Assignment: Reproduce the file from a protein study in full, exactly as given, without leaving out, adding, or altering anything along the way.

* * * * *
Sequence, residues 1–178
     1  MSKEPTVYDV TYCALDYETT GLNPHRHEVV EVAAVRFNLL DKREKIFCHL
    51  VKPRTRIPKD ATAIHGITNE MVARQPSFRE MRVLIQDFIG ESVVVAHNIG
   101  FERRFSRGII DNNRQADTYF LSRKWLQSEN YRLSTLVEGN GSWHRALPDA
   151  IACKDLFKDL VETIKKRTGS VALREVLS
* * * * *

Sequence, residues 1–178
     1  MSKEPTVYDV TYCALDYETT GLNPHRHEVV EVAAVRFNLL DKREKIFCHL
    51  VKPRTRIPKD ATAIHGITNE MVARQPSFRE MRVLIQDFIG ESVVVAHNIG
   101  FERRFSRGII DNNRQADTYF LSRKWLQSEN YRLSTLVEGN GSWHRALPDA
   151  IACKDLFKDL VETIKKRTGS VALREVLS